The Archbishops of Montreal had a role to play throughout the steps leading up to the canonization of Saint Brother André. Some were prominent players while others were more discreet. Here is an outline of the history of their participation in the canonization.
That’s it, fall is already well established. Due to the closing of the museums, I invite you in this blog to discover our heritage in a completely different way. Let’s get outside the walls of the Oratory and discover a place out of the ordinary in the great outdoors.
Since October 17, 2010, Brother André has been recognized as a Saint by the Catholic Church, 73 years after his death. This recognition is the fruit of a long work accomplished by what was then the Office for the Cause of Brother André. Since my arrival at the Oratory in 2017, I have processed the archives of this office. This blog post presents the process that led to Brother André’s canonization.
The year 2020 is a busy one for anniversaries at the Oratory. It marks the 100th novena to Saint Joseph, the 80th anniversary of the first novena to Brother André, the 175th anniversary of Brother André’s birth and the 10th anniversary of his canonization.
Since its foundation in 1904, the Oratory has closed its doors to the public only three times. Aside from the current closure due to the coronavirus pandemic, the Oratory also closed its doors for one week during the 1998 ice storm.
Did you know that as early as 1940, the Oratory broadcast a 15-minute morning show on CKAC with the inevitable morning prayer. However, it was not until May 5, 1946, that the Sunday Mass in French was broadcast.
Over the years, the Counseling Office of Saint Joseph’s Oratory of Mount Royal, a space of welcome, of listening, and of compassion, has without question become a valuable service offered to people who are wounded, not necessarily physically – as was the case in the time of Brother André (1904 to 1937) — but rather psychically, psychologically, emotionally, affectively, morally, and religiously.
Brother André left few objects behind. The few pieces preserved at the Oratory Museum remind us that Brother André was a simple man. His great devotion to Saint Joseph moved large crowds in the early 20th century. This immense faith left us a legacy: the internationally renowned sanctuary, Saint Joseph’s Oratory of Mount Royal.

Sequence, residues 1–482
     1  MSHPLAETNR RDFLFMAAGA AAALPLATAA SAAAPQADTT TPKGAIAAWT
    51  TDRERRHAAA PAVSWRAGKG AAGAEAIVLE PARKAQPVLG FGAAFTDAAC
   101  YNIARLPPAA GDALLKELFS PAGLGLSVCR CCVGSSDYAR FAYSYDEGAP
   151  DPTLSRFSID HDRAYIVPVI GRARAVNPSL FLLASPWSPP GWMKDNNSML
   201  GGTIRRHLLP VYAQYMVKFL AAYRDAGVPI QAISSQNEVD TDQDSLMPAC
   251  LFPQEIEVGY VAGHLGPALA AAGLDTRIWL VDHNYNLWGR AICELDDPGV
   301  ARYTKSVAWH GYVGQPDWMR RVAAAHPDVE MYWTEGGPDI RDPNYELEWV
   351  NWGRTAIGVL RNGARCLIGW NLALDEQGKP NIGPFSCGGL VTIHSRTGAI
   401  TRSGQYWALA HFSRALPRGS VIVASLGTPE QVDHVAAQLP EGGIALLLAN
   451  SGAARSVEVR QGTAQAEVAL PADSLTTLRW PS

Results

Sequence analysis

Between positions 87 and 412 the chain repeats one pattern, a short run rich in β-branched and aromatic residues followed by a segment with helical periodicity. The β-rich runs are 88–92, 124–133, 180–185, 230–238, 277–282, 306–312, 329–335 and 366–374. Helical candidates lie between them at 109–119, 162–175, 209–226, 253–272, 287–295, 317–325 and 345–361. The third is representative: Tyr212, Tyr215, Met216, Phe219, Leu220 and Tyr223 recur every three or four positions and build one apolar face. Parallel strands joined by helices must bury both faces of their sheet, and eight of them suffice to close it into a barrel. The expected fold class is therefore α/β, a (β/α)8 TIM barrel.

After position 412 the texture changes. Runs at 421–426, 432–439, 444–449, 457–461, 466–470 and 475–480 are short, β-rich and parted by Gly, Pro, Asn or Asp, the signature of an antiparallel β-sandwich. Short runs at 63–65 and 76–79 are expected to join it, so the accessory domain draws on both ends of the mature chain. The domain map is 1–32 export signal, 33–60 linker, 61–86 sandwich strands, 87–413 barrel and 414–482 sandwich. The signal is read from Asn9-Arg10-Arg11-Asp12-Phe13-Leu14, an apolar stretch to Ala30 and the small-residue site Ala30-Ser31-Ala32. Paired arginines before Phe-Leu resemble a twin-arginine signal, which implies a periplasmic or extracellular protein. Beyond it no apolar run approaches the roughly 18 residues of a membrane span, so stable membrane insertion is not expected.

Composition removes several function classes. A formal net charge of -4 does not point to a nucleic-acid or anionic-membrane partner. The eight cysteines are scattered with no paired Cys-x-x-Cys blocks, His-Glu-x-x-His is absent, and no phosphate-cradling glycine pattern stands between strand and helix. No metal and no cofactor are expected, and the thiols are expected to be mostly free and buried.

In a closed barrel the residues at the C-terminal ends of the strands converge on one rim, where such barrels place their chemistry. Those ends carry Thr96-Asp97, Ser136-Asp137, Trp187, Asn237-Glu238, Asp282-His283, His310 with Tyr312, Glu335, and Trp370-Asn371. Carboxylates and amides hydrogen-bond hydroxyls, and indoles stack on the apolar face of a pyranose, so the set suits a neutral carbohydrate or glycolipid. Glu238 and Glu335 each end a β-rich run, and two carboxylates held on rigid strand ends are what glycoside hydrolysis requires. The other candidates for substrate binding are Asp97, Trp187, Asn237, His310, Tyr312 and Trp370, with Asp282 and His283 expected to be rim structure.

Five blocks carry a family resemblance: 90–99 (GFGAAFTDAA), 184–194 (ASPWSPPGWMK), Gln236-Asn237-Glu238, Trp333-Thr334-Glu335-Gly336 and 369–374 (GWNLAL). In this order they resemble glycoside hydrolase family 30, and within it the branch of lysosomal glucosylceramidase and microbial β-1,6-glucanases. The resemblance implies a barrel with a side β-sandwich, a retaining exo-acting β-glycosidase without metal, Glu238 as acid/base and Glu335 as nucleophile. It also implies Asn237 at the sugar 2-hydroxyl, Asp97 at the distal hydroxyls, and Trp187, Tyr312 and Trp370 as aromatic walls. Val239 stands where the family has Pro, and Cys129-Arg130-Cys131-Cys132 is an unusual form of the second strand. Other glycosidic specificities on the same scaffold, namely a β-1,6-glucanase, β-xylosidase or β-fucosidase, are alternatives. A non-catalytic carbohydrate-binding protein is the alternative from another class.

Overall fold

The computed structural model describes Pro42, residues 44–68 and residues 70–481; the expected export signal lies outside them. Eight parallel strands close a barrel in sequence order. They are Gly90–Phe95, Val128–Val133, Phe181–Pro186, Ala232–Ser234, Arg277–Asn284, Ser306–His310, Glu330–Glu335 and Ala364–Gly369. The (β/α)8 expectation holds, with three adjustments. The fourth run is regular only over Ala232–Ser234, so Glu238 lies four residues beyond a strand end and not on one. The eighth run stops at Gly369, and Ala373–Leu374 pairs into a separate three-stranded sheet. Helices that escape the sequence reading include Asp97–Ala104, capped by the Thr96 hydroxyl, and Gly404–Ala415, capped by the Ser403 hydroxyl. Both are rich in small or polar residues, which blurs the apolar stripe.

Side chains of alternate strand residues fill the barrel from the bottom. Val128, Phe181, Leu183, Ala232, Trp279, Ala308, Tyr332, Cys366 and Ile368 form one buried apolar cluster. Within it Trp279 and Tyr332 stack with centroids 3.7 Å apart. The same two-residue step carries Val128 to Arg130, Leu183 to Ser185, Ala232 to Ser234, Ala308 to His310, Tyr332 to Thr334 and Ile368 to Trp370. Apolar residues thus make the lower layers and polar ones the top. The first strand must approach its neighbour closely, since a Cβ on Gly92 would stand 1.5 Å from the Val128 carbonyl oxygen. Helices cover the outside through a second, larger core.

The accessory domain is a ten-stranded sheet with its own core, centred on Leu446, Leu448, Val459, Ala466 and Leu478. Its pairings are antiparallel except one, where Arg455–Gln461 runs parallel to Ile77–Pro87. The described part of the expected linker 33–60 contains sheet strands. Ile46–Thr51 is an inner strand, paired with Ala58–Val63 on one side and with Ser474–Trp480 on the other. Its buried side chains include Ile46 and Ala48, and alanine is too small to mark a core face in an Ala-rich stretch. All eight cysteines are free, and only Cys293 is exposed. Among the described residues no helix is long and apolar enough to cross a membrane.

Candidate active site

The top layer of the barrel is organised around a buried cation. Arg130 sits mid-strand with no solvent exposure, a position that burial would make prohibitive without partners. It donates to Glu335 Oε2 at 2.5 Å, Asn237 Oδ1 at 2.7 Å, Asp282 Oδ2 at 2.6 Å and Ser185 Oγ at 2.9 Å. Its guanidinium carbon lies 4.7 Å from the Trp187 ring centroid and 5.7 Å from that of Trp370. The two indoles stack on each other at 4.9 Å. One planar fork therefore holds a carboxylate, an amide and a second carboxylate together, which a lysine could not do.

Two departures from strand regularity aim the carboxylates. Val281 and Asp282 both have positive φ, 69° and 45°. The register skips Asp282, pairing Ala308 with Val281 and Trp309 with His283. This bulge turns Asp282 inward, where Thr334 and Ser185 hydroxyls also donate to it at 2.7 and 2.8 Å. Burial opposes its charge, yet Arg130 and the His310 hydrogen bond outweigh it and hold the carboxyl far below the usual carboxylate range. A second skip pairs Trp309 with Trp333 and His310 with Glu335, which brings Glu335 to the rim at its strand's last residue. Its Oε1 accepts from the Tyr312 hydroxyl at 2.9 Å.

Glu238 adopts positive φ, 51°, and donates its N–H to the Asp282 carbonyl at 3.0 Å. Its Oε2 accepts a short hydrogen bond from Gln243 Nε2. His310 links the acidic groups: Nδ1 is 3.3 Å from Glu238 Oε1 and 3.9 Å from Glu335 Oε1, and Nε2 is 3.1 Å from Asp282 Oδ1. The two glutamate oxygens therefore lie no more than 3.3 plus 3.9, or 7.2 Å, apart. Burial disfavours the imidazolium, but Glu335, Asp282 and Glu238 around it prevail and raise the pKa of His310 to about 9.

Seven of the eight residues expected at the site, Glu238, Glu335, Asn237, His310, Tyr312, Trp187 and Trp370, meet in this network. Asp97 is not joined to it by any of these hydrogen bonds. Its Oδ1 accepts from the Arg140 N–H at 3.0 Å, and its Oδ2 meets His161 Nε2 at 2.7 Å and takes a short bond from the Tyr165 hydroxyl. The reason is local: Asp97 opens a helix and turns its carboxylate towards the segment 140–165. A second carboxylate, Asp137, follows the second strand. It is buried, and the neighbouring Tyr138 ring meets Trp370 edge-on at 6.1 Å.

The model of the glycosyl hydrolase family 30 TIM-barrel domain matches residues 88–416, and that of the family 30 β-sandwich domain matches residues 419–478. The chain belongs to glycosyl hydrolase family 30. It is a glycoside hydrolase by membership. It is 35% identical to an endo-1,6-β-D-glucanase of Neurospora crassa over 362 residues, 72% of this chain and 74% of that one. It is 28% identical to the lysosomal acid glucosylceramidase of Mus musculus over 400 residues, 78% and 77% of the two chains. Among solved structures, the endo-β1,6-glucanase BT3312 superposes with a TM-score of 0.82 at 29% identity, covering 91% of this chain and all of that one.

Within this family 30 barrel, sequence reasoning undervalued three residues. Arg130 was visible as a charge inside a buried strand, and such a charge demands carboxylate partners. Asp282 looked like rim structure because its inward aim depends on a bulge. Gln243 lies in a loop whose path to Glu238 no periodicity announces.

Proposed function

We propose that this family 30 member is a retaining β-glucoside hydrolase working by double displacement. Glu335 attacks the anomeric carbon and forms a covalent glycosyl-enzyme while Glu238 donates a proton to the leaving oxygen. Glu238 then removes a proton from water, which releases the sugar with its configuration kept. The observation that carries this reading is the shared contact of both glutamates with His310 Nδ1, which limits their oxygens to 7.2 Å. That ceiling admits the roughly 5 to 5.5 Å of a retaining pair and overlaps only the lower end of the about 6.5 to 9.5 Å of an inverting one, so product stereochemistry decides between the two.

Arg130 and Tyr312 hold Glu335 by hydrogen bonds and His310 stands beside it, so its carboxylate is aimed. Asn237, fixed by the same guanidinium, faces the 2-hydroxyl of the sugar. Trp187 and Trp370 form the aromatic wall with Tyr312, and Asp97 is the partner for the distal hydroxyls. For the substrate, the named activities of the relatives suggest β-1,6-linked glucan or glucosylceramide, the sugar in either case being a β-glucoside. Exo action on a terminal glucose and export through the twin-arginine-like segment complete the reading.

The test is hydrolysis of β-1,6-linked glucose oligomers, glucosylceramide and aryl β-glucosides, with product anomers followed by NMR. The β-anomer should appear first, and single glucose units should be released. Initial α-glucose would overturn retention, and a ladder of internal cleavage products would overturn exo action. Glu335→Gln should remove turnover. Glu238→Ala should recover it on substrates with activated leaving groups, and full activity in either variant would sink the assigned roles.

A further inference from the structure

On January 1, 1924, two Oratory employees, Édouard Barsalo and Napoléon Carrières, had a pious idea: to start the new year off right by making a night pilgrimage from Mile-End to the Oratory, arriving on time for the first mass of the year, at 6 a.m. From this initiative, a tradition that has lasted over 80 years was born!
In 1957, Rudolf von Beckerath installed a 44-stop organ in the Trinity Lutheran Church in Cleveland, Ohio. He then made a trip to Montreal, at the invitation of organists Kenneth Gilbert, Raymond Daveluy and Lucienne and Gaston Arel.
It was on December 27, 1870, just a few weeks after arriving at Collège Notre-Dame, that young Alfred Bessette entered the novitiate of the Congregation of the Holy Cross1. Dressed in the Brothers’ cassock with a double cincture around his waist, Alfred took his vows of commitment before the novice master, Father Julien Gastineau, CSC. It was during this ceremony that he took the name of Brother André.
By definition, a blessing is “a sacramental. It is an act, when performed by a duly qualified minister, in the name and by the authority of the Church, praying that God may look with favour on certain people and things, or dedicating them to religious service.1”